How to treat hay fever
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Some people may be surprised that hay fever is an allergic reaction to particular types of pollen. For those who suffer from this condition, the symptoms can be quite debilitating and interfere with daily life, particularly during summer and spring. There’s no cure for hay fever. Fortunately, treatments available can help lessen the impact of hay fever. In this blog post, we will explore some treatment options available for those suffering from hay fever. Stay tuned for more information!
What is hay fever?
Hay fever, also known as allergic rhinitis, is a condition that affects millions of people around the world. It occurs when the body overreacts to histamine, a substance released in response to allergens such as tree pollen, grass pollen or weed pollen. Hay fever typically begins in late March or early April, when tree pollen counts are at their highest. Grass pollen levels peak in May and June, while weed pollen counts remain high throughout summer.
Symptoms of hay fever include sneezing, runny nose, itchy eyes and fatigue. These symptoms may become more severe when there is a high pollen count. While there is no cure for hay fever, there are many ways to manage the symptoms and enjoy a healthy spring and summer. For many people, hay fever is a minor annoyance. However, it can be a debilitating condition for others that seriously impacts their quality of life.
The link between hay fever and asthma
Hay fever and asthma are two conditions often spoken about in the same breath. It’s no surprise that hay fever symptoms (such as a runny nose, sore eyes and sneezing) can be very similar to asthma symptoms (wheezing, shortness of breath and a tight chest). Hay fever is often a trigger for asthma attacks. According to the NHS, around 80% of people with asthma also have hay fever.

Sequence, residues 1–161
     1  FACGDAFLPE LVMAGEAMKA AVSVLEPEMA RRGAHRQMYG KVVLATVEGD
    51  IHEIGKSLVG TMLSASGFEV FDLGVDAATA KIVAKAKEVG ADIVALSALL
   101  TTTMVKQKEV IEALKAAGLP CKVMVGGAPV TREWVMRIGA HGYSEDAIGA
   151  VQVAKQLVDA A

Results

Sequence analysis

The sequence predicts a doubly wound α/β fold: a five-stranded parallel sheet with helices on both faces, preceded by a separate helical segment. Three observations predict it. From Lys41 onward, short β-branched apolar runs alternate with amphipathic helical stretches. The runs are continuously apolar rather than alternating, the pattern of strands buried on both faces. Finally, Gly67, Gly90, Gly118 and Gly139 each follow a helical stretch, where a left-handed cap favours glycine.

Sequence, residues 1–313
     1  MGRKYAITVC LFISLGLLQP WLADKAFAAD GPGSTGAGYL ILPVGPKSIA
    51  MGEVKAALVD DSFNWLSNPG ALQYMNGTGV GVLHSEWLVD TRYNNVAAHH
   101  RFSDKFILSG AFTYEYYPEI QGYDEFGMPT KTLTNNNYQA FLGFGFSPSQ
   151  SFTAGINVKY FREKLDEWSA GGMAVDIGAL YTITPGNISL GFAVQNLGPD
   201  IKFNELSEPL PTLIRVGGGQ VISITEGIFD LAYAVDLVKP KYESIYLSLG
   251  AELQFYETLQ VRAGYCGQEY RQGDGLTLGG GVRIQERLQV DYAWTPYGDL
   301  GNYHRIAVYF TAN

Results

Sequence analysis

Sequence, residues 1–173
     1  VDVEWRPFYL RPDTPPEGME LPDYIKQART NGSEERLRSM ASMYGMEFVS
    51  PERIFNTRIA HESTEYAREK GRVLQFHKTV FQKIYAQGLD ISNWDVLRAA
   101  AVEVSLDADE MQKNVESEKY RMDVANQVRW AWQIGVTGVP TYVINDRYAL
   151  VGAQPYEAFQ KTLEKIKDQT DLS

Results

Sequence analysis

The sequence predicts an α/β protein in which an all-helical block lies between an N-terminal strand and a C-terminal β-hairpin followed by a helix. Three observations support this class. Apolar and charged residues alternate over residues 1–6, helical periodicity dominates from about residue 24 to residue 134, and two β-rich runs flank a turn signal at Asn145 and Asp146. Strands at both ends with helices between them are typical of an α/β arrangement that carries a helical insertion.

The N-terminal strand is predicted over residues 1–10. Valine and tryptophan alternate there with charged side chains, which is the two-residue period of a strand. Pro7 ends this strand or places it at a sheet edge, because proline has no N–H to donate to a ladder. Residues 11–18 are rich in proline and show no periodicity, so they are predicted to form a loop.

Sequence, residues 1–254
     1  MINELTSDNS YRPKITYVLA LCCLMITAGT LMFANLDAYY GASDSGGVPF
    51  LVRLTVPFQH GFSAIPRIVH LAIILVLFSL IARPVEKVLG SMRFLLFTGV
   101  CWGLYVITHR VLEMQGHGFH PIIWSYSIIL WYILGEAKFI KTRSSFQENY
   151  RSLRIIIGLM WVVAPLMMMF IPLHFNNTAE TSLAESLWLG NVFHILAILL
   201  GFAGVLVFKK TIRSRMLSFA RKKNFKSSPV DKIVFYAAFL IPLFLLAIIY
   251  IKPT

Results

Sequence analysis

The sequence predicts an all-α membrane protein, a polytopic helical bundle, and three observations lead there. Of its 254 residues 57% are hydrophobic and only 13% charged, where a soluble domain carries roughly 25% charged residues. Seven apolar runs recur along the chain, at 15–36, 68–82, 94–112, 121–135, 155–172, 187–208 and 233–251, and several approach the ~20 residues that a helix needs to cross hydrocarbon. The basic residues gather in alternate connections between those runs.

For those who also have asthma, hay fever can be a severe health concern. Hay fever and asthma symptoms often overlap, making it difficult to distinguish between them. In addition, hayfever can trigger asthma attacks, leading to increased symptoms and a need for healthcare intervention.
Immunotherapy may be recommended for severe cases of hay fever, as this treatment can help to reduce allergy symptoms. However, hayfever sufferers should talk to their healthcare provider before starting any new treatment, as some treatments may not be suitable for those with asthma. The best way to manage both conditions is to work with your healthcare team who can create a tailored treatment plan. With the right care, it is possible to control both hay fever and asthma symptoms.
Symptoms of hay fever
- Blocked nose
- Sore throat
- Watery eyes
- Sinus pressure
These are just some of the symptoms that can make enjoying the outdoors nearly impossible but there are treatments available from your pharmacist and GP that can help alleviate hayfever symptoms.